Facebook is currently in negotiations with Microsoft (NASDAQ:MSFT) to buy Atlas Solutions, the ad-serving product Microsoft acquired when it bought aQuantive for $6 billion in 2007. This acquisition could have a huge impact on the manner in which Facebook presents mobile advertising, by enabling it to launch an ad network that might someday rival Google's in size. Google paid $3 billion in 2007 to buy DoubleClick, its own ad-serving product. Facebook already has a wealth of data on its purported 600 million mobile users - phone numbers, email addresses etc - and this acquisition would allow it to utilize this data to much greater effect by enabling it to inform marketers exactly how much their sales increased thanks to ads on Facebook and third party partner mobile apps. Mobile ad sales virtually saved Facebook's last quarter by generating 14 percent of its Q3 2012 advertising revenue - or roughly $152.6 million and its future seems bright, especially if Facebook acquires Atlas Solutions. Facebook has pushed hard to make mobile monetization a major priority. The company enhanced the speed and experience of its iOS application, launched mobile app install ads to allow developers to pay to promote their apps and has started to show more sponsored stories in the mobile News Feed.
Despite the fact that Apple's mobile advertising platform, iAd is clearly experiencing growing pains, it is growing and will continue to do so. Apple is expected to make only $75 million in iAd sales this year, according to eMarketer. Although Apple recently lowered the minimum fee and simplified its CPM and performance based pricing, it is still too costly for most advertisers. But it can only really be a question of when and not if iAd begins to take a larger share of the mobile ad marketplace. The recently released Adfonic Global AdMetrics Report showed that, while Apple and Samsung both increased their share of ad impressions globally, Apple widened its lead over Samsung in Q3. Apple's share of ad impressions increased from 34% in Q2 to 37%, while Samsung's increased from 23% in Q2 to 24%. These numbers don't take the iPhone 5 into account, so it will be interesting to see how things shape up in Q4. The large screen size of the iPhone 5 in and of itself might very well increase ad revenues for iAd. Longer term, you can be confident that Apple will make the necessary investments and corrections to ensure the success of the platform.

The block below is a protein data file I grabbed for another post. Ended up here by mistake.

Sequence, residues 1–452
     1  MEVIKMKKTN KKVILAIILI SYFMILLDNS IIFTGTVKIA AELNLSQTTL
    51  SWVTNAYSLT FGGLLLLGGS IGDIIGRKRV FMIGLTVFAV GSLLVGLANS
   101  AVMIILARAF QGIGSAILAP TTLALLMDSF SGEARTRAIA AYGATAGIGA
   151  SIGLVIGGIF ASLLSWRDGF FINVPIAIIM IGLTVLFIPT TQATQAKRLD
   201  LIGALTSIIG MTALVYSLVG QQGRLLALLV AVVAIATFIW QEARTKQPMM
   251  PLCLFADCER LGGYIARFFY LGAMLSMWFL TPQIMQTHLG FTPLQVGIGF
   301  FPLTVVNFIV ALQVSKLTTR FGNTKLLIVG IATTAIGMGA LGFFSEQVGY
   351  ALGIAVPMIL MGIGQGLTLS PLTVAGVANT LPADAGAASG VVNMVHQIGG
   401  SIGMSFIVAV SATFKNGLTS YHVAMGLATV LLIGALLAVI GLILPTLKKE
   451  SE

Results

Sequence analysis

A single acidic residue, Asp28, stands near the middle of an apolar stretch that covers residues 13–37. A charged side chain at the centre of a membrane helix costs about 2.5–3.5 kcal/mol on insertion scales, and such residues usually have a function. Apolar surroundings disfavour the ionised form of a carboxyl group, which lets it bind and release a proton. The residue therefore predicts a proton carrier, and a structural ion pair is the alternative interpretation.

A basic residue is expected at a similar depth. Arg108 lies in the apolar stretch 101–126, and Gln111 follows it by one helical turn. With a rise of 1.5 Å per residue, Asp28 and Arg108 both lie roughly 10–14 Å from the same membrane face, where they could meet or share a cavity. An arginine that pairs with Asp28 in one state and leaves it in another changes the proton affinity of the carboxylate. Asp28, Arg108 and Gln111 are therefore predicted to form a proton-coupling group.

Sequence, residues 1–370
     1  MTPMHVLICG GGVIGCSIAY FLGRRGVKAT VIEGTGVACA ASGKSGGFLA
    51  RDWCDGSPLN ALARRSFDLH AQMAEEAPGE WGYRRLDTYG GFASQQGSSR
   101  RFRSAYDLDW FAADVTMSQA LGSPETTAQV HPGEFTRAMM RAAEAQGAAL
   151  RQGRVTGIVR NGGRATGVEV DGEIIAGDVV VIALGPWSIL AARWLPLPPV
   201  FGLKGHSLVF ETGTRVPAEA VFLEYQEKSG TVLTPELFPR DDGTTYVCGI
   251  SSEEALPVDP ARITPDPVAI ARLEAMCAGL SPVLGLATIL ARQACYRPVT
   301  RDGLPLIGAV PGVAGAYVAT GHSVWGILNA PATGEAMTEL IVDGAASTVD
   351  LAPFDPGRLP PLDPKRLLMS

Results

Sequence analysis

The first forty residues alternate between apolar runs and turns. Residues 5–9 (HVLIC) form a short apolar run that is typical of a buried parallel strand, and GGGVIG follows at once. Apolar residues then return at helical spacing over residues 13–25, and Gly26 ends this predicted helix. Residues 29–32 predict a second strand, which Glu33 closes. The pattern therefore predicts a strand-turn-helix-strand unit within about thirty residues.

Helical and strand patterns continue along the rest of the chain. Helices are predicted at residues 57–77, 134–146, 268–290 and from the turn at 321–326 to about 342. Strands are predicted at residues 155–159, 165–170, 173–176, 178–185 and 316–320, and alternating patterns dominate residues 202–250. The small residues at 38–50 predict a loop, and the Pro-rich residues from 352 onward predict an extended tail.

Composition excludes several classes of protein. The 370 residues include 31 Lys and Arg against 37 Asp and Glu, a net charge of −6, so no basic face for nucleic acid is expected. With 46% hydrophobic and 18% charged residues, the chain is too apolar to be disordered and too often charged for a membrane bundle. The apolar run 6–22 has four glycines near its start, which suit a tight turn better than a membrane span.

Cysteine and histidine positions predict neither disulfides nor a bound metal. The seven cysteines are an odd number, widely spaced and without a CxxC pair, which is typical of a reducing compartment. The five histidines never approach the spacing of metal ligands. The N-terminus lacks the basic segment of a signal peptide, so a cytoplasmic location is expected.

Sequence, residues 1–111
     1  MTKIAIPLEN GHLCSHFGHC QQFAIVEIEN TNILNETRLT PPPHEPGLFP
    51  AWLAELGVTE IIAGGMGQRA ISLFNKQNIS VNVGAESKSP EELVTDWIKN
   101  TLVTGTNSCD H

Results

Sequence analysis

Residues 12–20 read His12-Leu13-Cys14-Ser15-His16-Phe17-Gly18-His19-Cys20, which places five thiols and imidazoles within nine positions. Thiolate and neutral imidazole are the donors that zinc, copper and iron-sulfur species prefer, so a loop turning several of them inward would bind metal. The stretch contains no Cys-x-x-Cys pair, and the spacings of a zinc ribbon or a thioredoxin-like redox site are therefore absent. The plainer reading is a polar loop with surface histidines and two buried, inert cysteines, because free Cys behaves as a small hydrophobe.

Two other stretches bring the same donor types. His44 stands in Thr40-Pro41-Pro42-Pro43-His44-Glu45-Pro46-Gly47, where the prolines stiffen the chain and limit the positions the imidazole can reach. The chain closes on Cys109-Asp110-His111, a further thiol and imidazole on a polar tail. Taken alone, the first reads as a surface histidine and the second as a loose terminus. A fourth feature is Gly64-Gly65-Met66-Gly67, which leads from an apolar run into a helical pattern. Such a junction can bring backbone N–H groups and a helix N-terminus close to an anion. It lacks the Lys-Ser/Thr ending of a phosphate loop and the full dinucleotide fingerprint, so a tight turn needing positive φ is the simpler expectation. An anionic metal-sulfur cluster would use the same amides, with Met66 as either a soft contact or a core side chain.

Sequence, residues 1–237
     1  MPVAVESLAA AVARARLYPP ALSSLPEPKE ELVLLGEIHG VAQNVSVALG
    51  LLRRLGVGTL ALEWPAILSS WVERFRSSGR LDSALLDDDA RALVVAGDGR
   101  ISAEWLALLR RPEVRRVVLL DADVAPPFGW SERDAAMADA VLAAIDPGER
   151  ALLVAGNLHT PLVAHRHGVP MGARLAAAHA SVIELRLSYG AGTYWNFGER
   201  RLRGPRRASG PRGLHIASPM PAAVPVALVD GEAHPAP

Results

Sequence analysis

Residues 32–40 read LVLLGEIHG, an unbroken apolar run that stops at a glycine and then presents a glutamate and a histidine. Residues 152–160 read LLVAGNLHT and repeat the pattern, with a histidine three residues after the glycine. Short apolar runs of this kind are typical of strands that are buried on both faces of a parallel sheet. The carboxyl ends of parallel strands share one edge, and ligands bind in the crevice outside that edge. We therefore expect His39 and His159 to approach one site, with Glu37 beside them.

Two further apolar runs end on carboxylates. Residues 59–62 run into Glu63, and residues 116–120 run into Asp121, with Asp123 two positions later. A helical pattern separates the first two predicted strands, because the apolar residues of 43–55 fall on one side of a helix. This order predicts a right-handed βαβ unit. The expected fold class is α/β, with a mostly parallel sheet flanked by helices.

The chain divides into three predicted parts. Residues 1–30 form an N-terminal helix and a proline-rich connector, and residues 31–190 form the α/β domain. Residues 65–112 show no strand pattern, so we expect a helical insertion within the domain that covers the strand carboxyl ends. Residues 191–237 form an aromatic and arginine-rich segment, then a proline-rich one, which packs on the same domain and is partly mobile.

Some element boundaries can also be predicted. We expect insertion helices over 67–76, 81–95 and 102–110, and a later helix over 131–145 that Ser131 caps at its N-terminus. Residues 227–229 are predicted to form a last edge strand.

Millennial Media (NYSE:MM)